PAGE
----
Switzerland: A Village History

by Professor David Birmingham
Hardback
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Portugal was the first European nation to assert itself aggressively in African affairs. David Birmingham's Portugal and Africa, a collection of uniquely accessible historical essays, surveys this colonial encounter from its earliest roots. The Portuguese established sugar plantations on Africa's offshore islands and built factories on the beaches in the ...
Portugal & Africa: Ris Af#81
Portugal was the first European nation to assert itself aggressively in African affairs. David Birmingham's Portugal and Africa, a collection of uniquely accessible historical essays, surveys this colonial encounter from its earliest roots. The Portuguese established sugar plantations on Africa's offshore islands and built factories on the beaches in the fifteenth century, but Professor Birmingham explains that their focus shifted to regions where medieval African miners had discovered deep seams of gold ore. Later, when even richer mines and more fertile lands were captured from the native peoples of the Americas, Portuguese ships became the great slave bridge that spanned the Atlantic and ferried captive black workers to the colonies of the New World. Portugal lost its major mining claims in Africa to the British, but it left a legacy of a new pattern of white settler colonization based on American-style plantations. The blending of European and African cultures and races led to the emergence of elite communities, from the Kongo princes of the seventeenth century to the creolized generals of today. Portugal and Africa focuses extensively on Angola to cast new light on the final years of the colonial experience and its traumatic legacies. After 1950, Portuguese Angola became one of the most dynamic of Africa's colonies and the largest white colony outside of Algeria or South Africa. Angola's eventual collapse in a series of wars had devastating results. Birmingham brings the terror and devastation to life in a series of powerful chapters that are a model of disciplined scholarship and informed passion.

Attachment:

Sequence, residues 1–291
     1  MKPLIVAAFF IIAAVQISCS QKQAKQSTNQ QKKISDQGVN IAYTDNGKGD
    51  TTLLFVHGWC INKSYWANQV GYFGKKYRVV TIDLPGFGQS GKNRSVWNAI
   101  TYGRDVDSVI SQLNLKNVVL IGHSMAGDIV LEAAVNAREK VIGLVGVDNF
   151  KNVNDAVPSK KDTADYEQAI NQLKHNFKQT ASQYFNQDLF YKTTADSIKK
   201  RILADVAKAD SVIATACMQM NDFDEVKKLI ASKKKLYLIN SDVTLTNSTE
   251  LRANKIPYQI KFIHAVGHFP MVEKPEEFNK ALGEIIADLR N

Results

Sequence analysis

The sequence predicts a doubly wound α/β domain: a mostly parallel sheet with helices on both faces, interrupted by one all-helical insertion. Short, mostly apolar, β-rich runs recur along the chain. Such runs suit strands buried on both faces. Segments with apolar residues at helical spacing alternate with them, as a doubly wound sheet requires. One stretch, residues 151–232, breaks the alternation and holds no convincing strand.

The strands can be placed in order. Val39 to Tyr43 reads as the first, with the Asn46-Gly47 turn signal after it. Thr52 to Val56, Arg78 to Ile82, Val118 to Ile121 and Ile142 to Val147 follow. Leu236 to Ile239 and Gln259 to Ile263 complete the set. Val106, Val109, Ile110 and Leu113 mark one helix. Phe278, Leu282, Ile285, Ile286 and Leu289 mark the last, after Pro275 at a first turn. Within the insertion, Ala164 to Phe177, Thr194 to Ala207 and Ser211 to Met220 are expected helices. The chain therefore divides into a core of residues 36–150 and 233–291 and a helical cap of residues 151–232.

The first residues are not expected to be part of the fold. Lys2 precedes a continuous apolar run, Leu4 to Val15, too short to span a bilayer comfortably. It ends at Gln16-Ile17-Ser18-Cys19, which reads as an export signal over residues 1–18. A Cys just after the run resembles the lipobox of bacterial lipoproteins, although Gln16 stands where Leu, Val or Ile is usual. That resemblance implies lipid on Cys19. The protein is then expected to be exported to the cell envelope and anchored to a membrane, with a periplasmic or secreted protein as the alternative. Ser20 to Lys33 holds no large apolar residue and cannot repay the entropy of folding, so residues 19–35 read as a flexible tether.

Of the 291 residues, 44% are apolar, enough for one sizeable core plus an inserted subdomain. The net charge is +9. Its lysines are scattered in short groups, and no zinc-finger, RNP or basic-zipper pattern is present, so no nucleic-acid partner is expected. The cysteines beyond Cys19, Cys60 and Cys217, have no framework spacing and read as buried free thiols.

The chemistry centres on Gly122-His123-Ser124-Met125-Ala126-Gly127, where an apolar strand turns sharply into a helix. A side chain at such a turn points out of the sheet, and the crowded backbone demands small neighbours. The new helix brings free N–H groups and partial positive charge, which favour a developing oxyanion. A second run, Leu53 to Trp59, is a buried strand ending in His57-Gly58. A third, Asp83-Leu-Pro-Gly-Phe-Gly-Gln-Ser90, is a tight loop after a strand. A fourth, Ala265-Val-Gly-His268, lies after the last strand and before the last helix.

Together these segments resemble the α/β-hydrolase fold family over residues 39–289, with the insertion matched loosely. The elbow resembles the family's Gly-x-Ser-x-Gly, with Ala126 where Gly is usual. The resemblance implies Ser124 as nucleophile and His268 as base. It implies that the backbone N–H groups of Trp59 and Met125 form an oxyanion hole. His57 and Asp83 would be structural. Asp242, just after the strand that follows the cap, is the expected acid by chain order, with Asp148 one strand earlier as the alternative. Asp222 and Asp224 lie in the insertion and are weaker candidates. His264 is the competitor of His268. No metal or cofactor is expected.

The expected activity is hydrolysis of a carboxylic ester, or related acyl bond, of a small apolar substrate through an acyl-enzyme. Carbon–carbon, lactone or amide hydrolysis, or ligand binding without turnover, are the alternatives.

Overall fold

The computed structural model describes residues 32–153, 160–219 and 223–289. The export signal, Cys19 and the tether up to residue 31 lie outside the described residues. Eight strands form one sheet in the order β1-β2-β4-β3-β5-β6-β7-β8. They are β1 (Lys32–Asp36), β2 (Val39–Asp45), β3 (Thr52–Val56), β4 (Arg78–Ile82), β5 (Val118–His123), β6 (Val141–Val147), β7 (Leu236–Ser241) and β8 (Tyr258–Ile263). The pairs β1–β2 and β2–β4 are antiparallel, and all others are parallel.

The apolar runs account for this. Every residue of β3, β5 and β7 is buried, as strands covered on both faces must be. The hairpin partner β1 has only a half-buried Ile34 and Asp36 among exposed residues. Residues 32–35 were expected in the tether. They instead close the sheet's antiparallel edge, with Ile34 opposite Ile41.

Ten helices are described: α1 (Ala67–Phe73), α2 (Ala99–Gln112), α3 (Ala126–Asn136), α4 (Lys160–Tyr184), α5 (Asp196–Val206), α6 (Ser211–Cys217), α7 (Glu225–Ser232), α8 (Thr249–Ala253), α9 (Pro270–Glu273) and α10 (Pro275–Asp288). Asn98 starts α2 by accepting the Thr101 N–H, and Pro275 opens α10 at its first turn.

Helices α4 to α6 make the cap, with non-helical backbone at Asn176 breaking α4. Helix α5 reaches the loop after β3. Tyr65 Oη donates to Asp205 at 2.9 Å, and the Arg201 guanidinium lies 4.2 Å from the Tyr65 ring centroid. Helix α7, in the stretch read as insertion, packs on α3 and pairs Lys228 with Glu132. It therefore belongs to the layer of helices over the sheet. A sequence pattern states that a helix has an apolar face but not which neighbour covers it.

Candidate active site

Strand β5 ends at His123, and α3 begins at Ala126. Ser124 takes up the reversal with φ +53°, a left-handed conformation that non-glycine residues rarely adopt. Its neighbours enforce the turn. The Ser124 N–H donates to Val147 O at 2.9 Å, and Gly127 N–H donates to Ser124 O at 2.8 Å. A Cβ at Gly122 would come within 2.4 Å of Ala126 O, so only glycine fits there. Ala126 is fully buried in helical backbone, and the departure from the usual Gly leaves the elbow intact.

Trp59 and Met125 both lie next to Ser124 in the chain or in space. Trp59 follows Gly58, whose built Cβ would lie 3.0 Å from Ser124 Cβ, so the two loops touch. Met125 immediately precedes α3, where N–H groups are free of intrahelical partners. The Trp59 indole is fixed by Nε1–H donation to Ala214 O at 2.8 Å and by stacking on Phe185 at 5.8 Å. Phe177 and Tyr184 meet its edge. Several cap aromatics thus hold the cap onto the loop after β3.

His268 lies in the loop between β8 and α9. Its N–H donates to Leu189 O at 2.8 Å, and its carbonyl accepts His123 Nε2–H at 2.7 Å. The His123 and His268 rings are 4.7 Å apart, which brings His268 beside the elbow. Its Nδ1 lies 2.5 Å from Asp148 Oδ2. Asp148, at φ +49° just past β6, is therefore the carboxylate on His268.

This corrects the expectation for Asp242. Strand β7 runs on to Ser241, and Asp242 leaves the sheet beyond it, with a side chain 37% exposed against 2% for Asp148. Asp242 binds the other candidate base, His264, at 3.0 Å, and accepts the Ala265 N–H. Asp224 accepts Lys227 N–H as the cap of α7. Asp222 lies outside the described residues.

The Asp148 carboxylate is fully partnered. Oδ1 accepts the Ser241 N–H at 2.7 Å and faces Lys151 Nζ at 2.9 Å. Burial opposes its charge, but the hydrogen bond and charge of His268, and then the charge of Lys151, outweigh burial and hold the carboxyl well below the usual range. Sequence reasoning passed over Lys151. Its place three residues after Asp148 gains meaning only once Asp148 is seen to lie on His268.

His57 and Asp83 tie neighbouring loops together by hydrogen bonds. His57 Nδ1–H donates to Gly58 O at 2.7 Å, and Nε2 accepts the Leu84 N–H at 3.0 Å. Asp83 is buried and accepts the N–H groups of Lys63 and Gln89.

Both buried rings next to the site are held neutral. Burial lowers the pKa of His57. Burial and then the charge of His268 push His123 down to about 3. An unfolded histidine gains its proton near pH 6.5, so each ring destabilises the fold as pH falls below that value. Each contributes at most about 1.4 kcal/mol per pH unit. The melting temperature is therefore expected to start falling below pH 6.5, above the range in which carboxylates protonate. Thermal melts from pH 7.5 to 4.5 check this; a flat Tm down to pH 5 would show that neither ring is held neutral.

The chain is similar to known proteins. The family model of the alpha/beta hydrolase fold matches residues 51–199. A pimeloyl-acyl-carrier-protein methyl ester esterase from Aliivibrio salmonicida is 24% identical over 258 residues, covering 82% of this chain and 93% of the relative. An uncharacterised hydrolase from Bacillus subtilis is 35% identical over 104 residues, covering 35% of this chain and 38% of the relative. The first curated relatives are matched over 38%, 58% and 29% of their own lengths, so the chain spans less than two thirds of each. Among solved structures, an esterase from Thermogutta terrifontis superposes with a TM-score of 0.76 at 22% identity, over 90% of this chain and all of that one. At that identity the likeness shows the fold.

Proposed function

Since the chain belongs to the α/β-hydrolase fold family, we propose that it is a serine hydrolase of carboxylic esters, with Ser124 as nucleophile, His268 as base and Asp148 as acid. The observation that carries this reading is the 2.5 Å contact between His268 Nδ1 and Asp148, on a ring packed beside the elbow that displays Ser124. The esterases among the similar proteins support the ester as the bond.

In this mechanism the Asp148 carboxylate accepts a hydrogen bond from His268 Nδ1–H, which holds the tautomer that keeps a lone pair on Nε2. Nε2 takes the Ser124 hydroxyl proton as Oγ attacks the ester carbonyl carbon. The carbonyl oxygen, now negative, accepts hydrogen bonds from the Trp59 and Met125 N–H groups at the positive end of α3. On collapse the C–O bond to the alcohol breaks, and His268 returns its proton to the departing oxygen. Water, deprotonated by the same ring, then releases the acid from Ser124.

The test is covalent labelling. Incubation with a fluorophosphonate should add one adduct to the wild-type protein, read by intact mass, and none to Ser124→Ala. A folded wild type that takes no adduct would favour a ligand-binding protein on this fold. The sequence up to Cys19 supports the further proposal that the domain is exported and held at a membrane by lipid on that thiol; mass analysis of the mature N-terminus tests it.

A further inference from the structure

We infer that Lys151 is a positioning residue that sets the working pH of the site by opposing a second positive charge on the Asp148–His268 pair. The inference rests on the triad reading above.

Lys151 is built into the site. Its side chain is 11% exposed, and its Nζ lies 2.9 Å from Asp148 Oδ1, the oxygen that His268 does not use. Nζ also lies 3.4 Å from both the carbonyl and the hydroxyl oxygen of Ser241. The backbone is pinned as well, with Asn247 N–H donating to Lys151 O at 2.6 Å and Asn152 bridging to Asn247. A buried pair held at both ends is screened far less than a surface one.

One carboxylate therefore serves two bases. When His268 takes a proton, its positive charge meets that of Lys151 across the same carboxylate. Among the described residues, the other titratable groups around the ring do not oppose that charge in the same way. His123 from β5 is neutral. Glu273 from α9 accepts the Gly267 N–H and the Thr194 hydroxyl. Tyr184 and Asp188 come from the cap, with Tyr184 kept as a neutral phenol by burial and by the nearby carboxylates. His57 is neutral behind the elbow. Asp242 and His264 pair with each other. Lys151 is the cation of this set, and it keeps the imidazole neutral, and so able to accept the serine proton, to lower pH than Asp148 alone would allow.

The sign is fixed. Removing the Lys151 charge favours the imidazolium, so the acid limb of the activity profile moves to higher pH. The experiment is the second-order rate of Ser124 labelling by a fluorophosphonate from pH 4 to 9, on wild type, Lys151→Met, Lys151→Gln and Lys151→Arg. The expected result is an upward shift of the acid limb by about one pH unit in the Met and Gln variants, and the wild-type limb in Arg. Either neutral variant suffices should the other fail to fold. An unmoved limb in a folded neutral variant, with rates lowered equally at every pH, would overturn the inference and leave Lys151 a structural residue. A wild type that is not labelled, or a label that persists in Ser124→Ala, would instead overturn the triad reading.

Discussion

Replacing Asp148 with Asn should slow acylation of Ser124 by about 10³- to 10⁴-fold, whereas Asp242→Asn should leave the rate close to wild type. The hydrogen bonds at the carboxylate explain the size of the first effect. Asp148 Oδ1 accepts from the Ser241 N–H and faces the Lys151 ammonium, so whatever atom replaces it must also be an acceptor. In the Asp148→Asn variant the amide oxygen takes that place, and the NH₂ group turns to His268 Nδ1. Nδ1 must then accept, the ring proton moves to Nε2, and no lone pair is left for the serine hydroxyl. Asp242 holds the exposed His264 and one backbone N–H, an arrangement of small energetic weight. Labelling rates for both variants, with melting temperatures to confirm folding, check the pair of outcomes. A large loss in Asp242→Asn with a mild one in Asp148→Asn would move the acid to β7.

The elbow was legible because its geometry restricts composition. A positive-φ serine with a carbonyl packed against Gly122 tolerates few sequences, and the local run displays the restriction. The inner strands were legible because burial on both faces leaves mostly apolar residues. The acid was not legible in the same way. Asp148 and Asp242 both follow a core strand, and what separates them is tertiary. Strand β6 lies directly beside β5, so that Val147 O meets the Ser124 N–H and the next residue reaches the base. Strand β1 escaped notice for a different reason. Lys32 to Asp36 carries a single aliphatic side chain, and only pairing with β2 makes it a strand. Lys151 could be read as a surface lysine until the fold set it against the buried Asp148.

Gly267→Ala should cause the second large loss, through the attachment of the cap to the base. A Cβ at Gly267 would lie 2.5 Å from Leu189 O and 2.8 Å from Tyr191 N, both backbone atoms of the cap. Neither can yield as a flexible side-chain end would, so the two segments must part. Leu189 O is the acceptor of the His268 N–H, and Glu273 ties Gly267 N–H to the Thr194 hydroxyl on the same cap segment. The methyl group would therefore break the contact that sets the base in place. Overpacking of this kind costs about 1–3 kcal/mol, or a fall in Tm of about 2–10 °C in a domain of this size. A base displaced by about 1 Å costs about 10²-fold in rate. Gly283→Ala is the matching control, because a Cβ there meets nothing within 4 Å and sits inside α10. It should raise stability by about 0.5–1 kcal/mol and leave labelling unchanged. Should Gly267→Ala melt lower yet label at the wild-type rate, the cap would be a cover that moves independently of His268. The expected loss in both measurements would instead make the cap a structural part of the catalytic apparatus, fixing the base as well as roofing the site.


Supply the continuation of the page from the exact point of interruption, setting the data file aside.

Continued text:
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26.200000 USD

Portugal & Africa: Ris Af#81

by Professor David Birmingham
Paperback
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When David Birmingham, a professor of history, retired from the University of Kent, he thought it would be fun to train as a Canterbury city guide. He soon became fascinated by the city's past and, after a lifetime of studying Africa - from the Iron Age onwards - he developed ...
Canterbury Before the Normans